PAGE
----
Obtain a chest radiograph with significant intoxications,
pulmonary symptoms, or if hyperbaric oxygen is to be
Findings usually are normal.
Changes such as ground-glass appearance, perihilar haze,
peribronchial cuffing, and intra-alveolar edema imply a
worse prognosis than normal findings.
Obtain a CT scan of the head with severe intoxication or
change in mental status that does not resolve rapidly.
Assess cerebral edema and focal lesions; most are
typically low-density lesions of the basal ganglia.
MRI is more accurate than CT scans for focal lesions and white matter
demyelination and is often used for follow-up care.
Electrocardiogram: Sinus tachycardia ,
Arrhythmias may be secondary to hypoxia,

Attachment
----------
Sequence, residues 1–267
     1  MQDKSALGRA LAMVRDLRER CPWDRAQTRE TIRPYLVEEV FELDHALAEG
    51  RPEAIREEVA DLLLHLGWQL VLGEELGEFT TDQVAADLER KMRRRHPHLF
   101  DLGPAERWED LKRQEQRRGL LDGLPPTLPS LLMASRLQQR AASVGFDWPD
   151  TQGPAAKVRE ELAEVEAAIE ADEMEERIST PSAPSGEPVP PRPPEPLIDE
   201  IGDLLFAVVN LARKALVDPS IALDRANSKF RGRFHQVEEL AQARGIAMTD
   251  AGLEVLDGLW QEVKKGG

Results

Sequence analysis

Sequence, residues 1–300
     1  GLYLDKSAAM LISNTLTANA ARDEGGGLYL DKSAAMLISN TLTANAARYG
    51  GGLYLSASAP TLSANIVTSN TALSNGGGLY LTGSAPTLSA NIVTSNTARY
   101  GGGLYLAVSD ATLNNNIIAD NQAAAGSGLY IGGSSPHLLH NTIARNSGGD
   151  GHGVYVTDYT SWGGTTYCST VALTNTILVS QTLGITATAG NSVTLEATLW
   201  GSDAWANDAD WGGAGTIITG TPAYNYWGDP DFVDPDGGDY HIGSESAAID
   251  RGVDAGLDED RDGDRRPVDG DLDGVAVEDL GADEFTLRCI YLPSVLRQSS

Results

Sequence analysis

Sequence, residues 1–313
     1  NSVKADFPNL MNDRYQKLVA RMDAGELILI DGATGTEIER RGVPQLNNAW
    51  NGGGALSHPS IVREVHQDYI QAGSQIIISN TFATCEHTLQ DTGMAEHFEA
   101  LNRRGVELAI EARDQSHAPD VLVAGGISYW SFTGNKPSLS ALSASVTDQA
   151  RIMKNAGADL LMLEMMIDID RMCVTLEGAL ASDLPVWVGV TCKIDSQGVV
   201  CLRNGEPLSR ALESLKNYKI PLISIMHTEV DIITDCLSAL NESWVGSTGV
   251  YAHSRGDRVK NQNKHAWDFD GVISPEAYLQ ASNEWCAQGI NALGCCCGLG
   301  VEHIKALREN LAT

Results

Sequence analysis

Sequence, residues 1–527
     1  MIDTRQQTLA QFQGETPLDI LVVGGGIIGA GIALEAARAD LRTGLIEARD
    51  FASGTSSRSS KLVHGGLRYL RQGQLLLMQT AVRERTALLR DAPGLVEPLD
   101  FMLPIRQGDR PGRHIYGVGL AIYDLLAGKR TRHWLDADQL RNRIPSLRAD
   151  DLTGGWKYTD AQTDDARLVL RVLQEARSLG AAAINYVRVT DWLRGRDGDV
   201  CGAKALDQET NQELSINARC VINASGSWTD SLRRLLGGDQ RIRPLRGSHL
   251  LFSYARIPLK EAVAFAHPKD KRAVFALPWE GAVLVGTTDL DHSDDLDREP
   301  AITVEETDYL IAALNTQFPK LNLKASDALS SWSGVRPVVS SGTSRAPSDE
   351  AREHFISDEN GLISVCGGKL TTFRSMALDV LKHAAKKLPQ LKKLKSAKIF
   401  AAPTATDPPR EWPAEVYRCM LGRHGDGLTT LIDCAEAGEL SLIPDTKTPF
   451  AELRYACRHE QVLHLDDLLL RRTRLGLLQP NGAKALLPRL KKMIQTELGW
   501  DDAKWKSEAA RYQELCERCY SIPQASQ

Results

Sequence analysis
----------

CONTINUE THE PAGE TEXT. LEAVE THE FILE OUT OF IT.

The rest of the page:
ischemia, or infarction
Promptly remove from continued exposure and
immediately institute oxygen therapy with a
Perform intubation for the comatose patient or, if
necessary, for airway protection.
Institute cardiac monitoring. Pulse oximetry,
although not useful in detecting HbCO, is still
important because a low saturation causes an
even greater apprehension in this setting.
Give notification for comatose or unstable patients
because rapid or direct transfer to a hyperbaric
center may be indicated
Early blood samples may provide much more
accurate correlation between HbCO and
clinical status; however, do not delay oxygen
administration to acquire them.
Obtain an estimate of exposure time, if
Avoid exertion to limit tissue oxygen demand.
Emergency Department Care
Cardiac monitor: Sudden death has occurred in patients with